Work will start on the revamp of Auckland's Queen Street at the beginning of next month.
Auckland Council has announced the street will be redesigned to be more friendly to pedestrians.
That will include wide boardwalks, seating and native plants in planter boxes.
"Last year, temporary measures were put in place by Auckland Transport to allow physical distancing during the pandemic," said Auckland mayor Phil Goff.
"It's now time for the yellow markers, stone blocks and painted asphalt to be replaced.
"Extended decking pavements, similar to those on High Street, trees and shrubs in proper planter boxes and decent street furniture will help change the look and feel of the area.
"These measures will be trialled before permanent changes are made, once we receive feedback from businesses, shoppers, visitors and residents."
A proposal had also been made for bus lanes to be brought into some sections of the street, with the intention of removing some private vehicles and improving bus reliability.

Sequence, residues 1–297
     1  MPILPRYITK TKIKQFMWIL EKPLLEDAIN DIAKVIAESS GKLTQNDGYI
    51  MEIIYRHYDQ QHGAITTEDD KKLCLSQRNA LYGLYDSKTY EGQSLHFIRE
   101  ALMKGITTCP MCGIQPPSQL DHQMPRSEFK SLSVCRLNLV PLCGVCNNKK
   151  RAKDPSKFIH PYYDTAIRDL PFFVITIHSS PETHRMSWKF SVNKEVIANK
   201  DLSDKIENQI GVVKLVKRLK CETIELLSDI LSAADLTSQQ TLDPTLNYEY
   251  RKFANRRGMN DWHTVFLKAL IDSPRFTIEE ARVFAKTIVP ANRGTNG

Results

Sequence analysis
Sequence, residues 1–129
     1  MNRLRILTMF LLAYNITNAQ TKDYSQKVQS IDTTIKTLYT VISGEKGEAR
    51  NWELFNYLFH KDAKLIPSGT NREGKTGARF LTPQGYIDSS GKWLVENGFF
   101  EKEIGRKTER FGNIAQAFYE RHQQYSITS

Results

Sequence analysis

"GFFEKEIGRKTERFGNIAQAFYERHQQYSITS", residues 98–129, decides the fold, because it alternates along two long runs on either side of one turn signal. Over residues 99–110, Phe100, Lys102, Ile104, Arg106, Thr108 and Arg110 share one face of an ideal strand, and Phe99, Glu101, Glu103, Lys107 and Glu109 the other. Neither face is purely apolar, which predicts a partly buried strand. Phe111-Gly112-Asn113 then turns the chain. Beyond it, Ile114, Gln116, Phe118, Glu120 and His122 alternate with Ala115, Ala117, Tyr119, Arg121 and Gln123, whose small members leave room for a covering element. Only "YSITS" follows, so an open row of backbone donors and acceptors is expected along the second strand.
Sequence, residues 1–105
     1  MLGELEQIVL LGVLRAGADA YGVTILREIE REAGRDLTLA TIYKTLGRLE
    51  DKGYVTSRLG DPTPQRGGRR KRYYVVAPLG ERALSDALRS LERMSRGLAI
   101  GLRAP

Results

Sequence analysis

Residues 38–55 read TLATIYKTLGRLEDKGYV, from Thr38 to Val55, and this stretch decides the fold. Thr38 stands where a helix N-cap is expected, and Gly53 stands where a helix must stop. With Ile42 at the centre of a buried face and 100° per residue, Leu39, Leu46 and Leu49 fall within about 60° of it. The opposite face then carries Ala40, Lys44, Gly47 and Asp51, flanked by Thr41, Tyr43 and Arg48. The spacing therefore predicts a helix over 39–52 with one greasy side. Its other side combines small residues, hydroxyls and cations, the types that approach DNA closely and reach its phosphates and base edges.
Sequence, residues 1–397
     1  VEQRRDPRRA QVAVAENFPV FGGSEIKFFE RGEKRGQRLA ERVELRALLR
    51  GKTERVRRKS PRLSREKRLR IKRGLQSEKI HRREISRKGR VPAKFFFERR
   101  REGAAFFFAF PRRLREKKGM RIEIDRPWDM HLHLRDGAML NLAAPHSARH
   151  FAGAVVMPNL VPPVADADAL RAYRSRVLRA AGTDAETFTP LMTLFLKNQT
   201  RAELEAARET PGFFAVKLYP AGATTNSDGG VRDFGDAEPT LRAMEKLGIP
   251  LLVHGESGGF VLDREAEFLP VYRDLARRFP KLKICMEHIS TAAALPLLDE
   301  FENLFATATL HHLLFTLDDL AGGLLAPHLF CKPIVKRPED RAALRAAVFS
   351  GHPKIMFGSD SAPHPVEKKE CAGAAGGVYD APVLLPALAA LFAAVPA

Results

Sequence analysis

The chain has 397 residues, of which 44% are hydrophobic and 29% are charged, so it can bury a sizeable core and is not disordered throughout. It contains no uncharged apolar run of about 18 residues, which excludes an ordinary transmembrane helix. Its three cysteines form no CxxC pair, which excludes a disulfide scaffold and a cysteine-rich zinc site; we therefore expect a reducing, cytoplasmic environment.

"Queen Street has taken a hit from Covid-19, with the loss of tourists, cruise ships and international students," Goff said.
"The changes proposed won't solve all the problems. The council, property owners, businesses and residents will need to work together to help the area recover from Covid-19 and to become an exciting and vibrant place to visit and shop."
A contractor has been appointed, and work was set to start at the beginning of May.
"We're very mindful of the need for loading zones, and they're being put in place on Queen Street, and bus priority on Queen Street, and we're making a whole lot more room for people on Queen Street," said Councillor Chris Darby, the chair of the Planning Committee.
"We've had a chorus of people asking over the years to make Queen Street more pedestrian friendly, and that's at the heart of this initiative."
He said while the changes will provide less access for cars, businesses needn't worry.
"It's people that actually spend, not cars.
"We've seen this all around the world, where you make cities more attractive for people, and you create places for people and anchor human life in the city, ...they become way more attractive, [and] people linger and spend."